Write What You Don't Know

‘Write what you know.’

We’ve all heard it. From teachers, fellow writers, older relatives who simultaneously think they know more about your career and look down on it. And for many people, I’m sure this has been a revelatory idea, a freeing idea. Sometimes we need to be reminded that our lives and perspectives are full enough to mine for decades. But today I’m writing for the people who have heard that maxim and just wanna slam their head against the wall.

Up to this point in my life, I’ve almost always written outside of my experience. And as a cis-gendered able-bodied neurotypical bisexual white woman of an upper middle class upbringing—

(deep breath)

—there’s a lot outside of my experience.

From a young age, I found it liberating to take on the perspective of another. Filtering and adjusting my own ideas through the experiences of someone else allowed me to get at the core of what I wanted to say more efficiently. It was like I was performing a magic trick for myself—all it took was a little misdirection. I also considered it my duty as a playwright to diversify who were in my plays. It felt wrong to me to not include communities who have been historically underserved by the theatre world, and I was lucky I began implementing this belief before any self doubt set in.

When I was seventeen, I started a family drama about a parent’s gender transition. I watched a YouTube series about three trans peoples’ experiences in college, read about hormone therapy and gender dysmorphia, and I sat down and wrote the play. My high school was gracious enough to produce it, and Burning Priscilla was born.

If I look back cynically, I might say that I wrote it for the novelty. Not a lot of people (in my small circle of knowledge) were writing about this; it set me apart as a writer. If I’m being even harder on my seventeen year old self, I might say it was inspired by some gross curiosity.

If I look back lovingly, I’d say I was ferociously curious about the world and I recognized the capacity for theater to humanize the other, whoever that might be at any given moment. If I’m being even more loving to my younger self, I’d say I was frustrated that I’d never seen a sympathetic story of a trans person onstage before, and I wanted to remedy that with what little power I had. Since then, I’ve written from the perspective of Latinx characters, black characters, Asian characters, autistic characters, intersex characters, blind/deaf characters, pedophilic characters. Characters with identities that are reviled, justifiably or not. Some of these stories are successes, some fall seriously short. Here is what I’ve learned from writing outside my experience (so far).

1.     Do. Your. Research. We’re in the age of information: you’re becoming hard pressed to find an excuse for ‘not knowing’ anymore. And if online academia, libraries and every streaming podcast and film still aren’t getting to the heart of your questions, interview people! Connect! People love to talk about themselves (as long as you’re respectful). You cannot afford to be afraid of asking what you don’t know.

2.     Once you’ve done the bulk of your research, throw it away. Let your research inform you, not control you. Allow your subconscious to guide you, and trust that the important stuff will stick.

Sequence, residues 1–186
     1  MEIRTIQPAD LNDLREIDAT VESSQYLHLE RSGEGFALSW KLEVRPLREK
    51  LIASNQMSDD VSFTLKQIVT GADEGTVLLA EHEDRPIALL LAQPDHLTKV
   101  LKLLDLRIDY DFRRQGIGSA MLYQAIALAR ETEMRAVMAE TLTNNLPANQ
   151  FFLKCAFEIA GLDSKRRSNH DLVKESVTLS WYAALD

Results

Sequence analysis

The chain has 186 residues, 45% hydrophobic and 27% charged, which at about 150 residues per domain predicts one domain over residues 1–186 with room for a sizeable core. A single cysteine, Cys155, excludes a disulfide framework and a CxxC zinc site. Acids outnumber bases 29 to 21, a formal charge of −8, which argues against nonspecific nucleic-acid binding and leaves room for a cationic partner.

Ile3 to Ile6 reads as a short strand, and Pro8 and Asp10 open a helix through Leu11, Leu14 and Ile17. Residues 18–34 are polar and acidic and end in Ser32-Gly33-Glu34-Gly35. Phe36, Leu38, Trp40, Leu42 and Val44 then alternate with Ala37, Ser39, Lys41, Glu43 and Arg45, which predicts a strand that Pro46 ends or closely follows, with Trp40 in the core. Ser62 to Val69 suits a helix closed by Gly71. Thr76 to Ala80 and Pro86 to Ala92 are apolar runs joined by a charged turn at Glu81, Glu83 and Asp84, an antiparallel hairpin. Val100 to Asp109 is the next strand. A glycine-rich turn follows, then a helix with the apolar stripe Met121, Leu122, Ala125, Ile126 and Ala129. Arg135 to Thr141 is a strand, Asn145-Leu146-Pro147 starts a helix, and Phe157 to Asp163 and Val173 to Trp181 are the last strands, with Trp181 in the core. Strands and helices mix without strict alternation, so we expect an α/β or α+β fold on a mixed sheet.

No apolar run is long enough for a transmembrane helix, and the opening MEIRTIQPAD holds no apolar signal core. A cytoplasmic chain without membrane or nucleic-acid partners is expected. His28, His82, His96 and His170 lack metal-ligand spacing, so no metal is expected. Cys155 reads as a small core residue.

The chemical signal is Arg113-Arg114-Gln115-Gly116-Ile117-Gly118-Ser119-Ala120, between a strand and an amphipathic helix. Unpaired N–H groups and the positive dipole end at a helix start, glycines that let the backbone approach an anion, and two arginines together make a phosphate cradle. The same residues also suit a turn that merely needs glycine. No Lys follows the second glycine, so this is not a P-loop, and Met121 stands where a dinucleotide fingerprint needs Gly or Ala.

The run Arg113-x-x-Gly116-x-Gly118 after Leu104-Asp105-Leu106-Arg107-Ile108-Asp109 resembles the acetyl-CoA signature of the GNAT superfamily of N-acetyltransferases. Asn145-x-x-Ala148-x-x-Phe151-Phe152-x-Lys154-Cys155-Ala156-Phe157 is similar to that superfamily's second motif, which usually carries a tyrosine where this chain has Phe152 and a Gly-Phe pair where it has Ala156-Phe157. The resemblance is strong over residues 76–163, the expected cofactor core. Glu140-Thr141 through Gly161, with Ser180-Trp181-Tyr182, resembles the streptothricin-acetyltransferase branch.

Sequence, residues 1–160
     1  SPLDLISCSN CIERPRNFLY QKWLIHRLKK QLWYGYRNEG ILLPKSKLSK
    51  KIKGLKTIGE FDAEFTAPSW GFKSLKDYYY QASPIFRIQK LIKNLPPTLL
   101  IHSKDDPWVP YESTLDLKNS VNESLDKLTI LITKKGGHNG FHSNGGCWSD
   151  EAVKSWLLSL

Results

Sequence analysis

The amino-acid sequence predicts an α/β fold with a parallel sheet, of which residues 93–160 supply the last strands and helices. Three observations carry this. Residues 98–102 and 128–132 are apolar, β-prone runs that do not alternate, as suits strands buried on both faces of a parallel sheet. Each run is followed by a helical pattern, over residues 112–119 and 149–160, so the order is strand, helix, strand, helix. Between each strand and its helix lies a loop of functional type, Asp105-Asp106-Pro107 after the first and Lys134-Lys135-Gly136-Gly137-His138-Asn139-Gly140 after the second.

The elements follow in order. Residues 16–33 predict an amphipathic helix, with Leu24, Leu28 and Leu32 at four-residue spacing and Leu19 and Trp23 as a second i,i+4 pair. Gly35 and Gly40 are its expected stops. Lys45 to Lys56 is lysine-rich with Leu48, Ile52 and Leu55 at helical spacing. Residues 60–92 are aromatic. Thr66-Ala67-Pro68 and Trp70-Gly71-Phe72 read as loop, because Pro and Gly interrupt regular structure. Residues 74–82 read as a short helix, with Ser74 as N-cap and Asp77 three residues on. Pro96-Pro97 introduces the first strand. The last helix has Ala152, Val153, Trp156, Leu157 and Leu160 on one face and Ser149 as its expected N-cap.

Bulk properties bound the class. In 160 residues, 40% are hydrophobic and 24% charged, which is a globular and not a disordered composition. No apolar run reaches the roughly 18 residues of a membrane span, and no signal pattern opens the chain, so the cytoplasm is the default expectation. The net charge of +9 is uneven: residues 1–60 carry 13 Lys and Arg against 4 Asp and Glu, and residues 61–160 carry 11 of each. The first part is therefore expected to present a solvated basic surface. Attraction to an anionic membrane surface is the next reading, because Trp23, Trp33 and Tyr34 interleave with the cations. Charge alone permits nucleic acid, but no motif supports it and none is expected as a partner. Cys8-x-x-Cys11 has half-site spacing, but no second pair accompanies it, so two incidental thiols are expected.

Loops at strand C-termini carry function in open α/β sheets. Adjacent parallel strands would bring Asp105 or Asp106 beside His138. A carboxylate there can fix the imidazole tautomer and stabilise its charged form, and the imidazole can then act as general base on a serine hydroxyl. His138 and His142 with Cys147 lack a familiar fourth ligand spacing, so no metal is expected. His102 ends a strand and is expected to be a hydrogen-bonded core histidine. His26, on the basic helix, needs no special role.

3.     Ok, all the important stuff won’t necessarily stick. Or what you consider ‘the bulk of your research’ is skimming three Wikipedia articles (been there). Or popular sources on a given topic aren’t accurate, or presented a bias you weren’t prepared to filter through. Bottom line: you’re gonna fuck up. You always run the risk of offending someone. Hopefully its someone you’re gunning to offend, but sometimes it isn’t and you have to take responsibility for that. You aren’t gonna know everything, but that doesn’t mean you should close off your heart. Do as much as you can, and trust that you’ll know when others’ input is necessary.

4.     Your story will not be the definitive ________ story. Nobody’s gonna regard your work as the voice of a group you don’t belong to (and if they do, it’s your job to help redirect attention to actual members of that community). But if we put aside thieving white people’s wet dreams, take comfort in the fact that you don’t shoulder the responsibility to defend the reputation of an entire community. Your works will (most likely) never make or break that community’s presence in the theater. So just write the damn thing

5.     That being said, you are taking another person’s story, lifeblood, livelihood in your hands: have a little respect. Once again: do your research. Read it with actors who actually represent the community you’re writing for. Marginalized communities tend to have 2 or 3 prominent stereotypical characterizations or plotlines. Does your work contribute to a damaging trend? Can you tell your story in a more nuanced way?

6.     Have fun! Playwriting can be fun, meeting new people can be fun, LEARNING can be fun. Just DBAA (don’t be an asshole).

At the end of the day, its about generosity. Generosity to yourself and to others. There is magic in seeing your underrepresented peers get to shine and know that you helped to make that happen. You can help diversify and strengthen the theatrical ecosystem we’re all a part of! For me, personally, writing outside my experience allows me the distance I need to realize my full vision. And sometimes in misdirecting myself, sometimes I misdirect others. My play, If You Give A Kid A Sucker is, surprisingly, not about my secret attraction to children, but about my fear of evil inherent in myself. But if I set out to write about my fear that I was inherently bad or unforgivable, I probably just would’ve cried for a few years straight instead. 

And since the world doesn’t need any more white tears, let’s take the plunge and realize the full potential of our own work!

Annalise Cain